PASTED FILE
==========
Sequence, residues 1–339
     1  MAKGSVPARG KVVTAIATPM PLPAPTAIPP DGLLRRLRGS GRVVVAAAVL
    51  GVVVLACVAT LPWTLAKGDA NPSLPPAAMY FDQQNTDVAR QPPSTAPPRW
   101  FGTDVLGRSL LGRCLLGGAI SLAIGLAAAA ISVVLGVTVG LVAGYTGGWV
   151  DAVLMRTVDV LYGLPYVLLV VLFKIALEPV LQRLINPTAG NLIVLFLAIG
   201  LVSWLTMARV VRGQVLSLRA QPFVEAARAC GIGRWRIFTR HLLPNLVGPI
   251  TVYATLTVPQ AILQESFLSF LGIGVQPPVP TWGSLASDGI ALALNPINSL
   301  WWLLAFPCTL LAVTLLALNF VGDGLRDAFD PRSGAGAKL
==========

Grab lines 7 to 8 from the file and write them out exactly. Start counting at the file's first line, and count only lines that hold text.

   251  TVYATLTVPQ AILQESFLSF LGIGVQPPVP TWGSLASDGI ALALNPINSL
   301  WWLLAFPCTL LAVTLLALNF VGDGLRDAFD PRSGAGAKL